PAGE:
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AU - Costa, Cecília Atem Gonçalves de Araújo

AU - Lima, Ramile Araújo

AU - Rodrigues, Lidiany Karla Azevedo

AU - Duarte, Simone

AU - Zanin, Iriana Carla Junqueira

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N2 - Objective: The goals of this investigation were to compare the effect of photodynamic antimicrobial chemotherapy (PACT) with two different red lights on in vitro Streptococcus mutans biofilms, as well as to assess the temperature variances caused by PACT on human teeth. Methods:S. mutans biofilms (n = 3) were grown on hydroxyapatite disks, and the antimicrobial effect of PACT was evaluated using toluidine blue O (100 μg/mL) associated with Laserbeam® (LB 56.6 J/cm2) and LumaCare™ (LC -56.6, 158.5, 317.0, and 475.6 J/cm2). Pulpal temperature variances were analyzed using a digital thermocouple placed into the pulp chamber and positioned at the cement-enamel junction level of five teeth samples during irradiation times of 300, 600, and 900 sec for LB, and 22, 60, 120, and 180 sec for LC. The mean average temperature variance was calculated for each group. All data were analyzed through analysis of variance. Results: LB (900 sec) and LC (22 sec) induced similar reductions in the viability of microorganisms. LB did not cause statistically significant increase of temperature, regardless of experimental time, and LC caused temperature increase within the safe spectrum up to 60 sec. Conclusions: PACT seems to be a minimal invasive approach for reducing the viability of cariogenic bacteria. Thus, when applied in vitro for times equal or inferior to 900 and 60 sec for LB and LC, respectively, these light sources might be considered harmless to tooth structures.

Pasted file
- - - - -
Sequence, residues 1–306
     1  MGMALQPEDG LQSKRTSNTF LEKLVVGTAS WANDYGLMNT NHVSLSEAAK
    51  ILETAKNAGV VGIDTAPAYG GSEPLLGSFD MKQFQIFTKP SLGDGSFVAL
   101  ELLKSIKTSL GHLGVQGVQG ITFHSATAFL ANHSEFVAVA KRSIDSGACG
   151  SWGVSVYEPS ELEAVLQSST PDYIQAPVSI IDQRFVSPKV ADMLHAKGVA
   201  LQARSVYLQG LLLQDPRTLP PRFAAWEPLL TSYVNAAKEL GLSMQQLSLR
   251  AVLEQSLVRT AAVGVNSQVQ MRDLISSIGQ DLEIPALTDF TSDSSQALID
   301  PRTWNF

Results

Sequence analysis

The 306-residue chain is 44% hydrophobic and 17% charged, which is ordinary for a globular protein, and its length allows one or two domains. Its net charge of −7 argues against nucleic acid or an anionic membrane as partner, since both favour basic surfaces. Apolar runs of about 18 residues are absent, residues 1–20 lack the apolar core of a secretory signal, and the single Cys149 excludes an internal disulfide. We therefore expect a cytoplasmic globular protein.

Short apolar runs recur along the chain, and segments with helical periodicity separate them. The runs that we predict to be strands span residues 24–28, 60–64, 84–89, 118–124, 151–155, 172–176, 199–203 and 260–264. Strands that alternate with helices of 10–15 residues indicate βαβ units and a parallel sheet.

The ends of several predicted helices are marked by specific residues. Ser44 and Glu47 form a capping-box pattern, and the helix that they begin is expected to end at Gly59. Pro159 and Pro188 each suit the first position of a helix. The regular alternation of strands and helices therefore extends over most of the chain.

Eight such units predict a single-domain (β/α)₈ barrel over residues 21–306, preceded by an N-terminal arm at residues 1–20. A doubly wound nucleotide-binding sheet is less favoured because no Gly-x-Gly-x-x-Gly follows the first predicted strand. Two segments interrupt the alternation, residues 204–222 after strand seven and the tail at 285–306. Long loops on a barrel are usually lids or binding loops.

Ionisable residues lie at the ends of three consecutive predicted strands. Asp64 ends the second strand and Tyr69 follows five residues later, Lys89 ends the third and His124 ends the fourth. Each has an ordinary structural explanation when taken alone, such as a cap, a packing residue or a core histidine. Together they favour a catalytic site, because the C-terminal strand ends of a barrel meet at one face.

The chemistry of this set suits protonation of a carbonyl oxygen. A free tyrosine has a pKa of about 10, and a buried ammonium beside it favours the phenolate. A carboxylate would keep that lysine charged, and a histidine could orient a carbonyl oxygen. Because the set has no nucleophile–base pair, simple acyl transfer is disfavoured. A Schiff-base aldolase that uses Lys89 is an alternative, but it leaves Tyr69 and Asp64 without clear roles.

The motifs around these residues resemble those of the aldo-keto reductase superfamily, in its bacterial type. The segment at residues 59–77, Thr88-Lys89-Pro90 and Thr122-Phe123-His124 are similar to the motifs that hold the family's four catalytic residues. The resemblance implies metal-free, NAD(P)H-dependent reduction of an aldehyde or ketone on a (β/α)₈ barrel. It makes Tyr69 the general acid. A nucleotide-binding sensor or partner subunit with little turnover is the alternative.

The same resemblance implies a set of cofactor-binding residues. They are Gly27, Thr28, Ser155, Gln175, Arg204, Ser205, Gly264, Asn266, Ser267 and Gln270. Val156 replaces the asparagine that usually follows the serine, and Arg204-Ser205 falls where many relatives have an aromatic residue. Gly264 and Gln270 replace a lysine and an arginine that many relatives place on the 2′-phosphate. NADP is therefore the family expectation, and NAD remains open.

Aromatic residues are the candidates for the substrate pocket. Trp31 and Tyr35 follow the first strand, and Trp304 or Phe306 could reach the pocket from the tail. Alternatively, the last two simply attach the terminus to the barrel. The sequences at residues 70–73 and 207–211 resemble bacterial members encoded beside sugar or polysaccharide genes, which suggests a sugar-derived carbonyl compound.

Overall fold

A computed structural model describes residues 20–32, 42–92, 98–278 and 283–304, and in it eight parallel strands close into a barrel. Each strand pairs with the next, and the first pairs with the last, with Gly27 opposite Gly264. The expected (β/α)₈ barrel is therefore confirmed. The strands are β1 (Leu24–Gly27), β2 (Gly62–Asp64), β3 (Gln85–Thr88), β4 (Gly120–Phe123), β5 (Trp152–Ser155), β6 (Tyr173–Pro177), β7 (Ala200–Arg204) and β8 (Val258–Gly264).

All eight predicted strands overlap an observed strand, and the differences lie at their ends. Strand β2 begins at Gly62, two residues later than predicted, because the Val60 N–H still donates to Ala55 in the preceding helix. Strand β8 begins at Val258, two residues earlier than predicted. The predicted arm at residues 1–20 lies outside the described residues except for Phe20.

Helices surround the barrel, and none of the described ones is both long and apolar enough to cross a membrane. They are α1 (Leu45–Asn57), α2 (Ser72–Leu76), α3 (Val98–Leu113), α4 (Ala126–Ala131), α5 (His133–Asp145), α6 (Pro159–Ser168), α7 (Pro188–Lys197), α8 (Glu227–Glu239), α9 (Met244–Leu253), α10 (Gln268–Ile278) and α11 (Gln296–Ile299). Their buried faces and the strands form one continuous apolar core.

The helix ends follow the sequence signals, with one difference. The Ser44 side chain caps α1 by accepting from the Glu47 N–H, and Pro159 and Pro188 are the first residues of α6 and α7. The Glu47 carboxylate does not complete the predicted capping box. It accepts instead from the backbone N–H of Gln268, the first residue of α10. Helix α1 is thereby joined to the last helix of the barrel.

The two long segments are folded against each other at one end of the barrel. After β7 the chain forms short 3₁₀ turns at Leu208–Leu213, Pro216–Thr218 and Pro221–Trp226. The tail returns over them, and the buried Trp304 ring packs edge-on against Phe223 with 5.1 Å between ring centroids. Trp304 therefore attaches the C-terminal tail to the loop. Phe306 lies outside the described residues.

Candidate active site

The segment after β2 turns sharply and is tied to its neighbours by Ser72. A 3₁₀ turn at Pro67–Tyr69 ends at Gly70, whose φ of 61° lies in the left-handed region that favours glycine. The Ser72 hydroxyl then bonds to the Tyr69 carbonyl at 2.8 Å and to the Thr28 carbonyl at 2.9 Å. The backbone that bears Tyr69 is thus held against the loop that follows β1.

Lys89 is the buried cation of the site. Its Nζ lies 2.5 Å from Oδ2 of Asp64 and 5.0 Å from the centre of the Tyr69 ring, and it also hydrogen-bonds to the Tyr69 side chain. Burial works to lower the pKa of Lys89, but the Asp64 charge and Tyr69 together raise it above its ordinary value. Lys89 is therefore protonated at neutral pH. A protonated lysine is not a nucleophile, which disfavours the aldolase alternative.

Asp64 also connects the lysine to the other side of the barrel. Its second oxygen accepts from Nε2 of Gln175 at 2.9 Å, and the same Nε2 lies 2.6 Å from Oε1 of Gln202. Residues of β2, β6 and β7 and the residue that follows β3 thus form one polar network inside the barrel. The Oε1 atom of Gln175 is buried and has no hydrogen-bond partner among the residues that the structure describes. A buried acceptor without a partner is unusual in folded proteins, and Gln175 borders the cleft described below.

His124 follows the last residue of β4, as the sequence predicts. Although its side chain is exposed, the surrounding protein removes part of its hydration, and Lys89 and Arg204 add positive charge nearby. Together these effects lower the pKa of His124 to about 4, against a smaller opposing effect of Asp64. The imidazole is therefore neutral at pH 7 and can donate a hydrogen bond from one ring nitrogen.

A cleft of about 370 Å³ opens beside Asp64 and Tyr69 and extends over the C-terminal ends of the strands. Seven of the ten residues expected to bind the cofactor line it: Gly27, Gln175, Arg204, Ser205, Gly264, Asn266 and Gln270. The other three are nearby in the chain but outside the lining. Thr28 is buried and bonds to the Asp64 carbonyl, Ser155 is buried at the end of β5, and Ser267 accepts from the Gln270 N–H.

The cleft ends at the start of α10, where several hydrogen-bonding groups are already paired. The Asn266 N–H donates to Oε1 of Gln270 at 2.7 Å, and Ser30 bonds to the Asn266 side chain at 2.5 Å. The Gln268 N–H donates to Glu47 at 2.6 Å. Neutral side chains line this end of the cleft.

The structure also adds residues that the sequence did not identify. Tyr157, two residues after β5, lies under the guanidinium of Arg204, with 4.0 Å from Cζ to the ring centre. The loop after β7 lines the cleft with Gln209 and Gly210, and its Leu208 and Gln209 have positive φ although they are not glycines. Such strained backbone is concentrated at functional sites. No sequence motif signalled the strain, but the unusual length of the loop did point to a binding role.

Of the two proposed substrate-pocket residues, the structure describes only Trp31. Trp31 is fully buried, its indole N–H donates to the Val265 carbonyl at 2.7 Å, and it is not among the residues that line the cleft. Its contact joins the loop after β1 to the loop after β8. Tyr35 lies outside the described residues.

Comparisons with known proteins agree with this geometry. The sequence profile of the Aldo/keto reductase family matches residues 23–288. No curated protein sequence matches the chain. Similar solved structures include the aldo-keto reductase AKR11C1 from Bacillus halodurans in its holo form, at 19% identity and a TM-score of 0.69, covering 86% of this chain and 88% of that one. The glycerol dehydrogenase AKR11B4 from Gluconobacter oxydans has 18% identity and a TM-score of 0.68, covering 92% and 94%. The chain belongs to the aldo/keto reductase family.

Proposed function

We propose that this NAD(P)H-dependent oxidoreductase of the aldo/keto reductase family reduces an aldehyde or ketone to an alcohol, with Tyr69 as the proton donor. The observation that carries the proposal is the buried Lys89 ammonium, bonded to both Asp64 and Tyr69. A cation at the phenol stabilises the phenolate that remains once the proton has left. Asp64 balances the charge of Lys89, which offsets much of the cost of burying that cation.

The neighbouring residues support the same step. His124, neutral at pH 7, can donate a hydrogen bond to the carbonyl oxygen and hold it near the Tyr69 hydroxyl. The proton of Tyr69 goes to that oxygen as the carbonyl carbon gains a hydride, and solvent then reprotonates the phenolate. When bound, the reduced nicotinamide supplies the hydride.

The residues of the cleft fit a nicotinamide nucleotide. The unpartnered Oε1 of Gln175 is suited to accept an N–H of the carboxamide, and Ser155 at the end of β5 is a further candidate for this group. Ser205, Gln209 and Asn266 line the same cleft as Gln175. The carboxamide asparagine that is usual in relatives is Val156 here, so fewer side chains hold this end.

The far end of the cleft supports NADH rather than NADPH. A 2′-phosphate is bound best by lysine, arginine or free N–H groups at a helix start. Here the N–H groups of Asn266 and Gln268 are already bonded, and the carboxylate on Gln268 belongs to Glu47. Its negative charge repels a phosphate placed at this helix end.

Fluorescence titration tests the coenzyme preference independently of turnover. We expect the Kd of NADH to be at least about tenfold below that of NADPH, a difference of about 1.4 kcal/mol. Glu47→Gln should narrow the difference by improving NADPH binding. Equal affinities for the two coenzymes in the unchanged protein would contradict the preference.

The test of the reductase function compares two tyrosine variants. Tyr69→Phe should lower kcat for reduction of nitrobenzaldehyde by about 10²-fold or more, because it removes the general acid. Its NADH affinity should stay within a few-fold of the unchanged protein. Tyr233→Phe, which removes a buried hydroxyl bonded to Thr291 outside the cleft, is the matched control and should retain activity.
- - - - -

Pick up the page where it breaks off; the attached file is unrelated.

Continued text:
AB - Objective: The goals of this investigation were to compare the effect of photodynamic antimicrobial chemotherapy (PACT) with two different red lights on in vitro Streptococcus mutans biofilms, as well as to assess the temperature variances caused by PACT on human teeth. Methods:S. mutans biofilms (n = 3) were grown on hydroxyapatite disks, and the antimicrobial effect of PACT was evaluated using toluidine blue O (100 μg/mL) associated with Laserbeam® (LB 56.6 J/cm2) and LumaCare™ (LC -56.6, 158.5, 317.0, and 475.6 J/cm2). Pulpal temperature variances were analyzed using a digital thermocouple placed into the pulp chamber and positioned at the cement-enamel junction level of five teeth samples during irradiation times of 300, 600, and 900 sec for LB, and 22, 60, 120, and 180 sec for LC. The mean average temperature variance was calculated for each group. All data were analyzed through analysis of variance. Results: LB (900 sec) and LC (22 sec) induced similar reductions in the viability of microorganisms. LB did not cause statistically significant increase of temperature, regardless of experimental time, and LC caused temperature increase within the safe spectrum up to 60 sec. Conclusions: PACT seems to be a minimal invasive approach for reducing the viability of cariogenic bacteria. Thus, when applied in vitro for times equal or inferior to 900 and 60 sec for LB and LC, respectively, these light sources might be considered harmless to tooth structures.

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KW - dental pulp cavity

KW - photochemotherapy

KW - temperature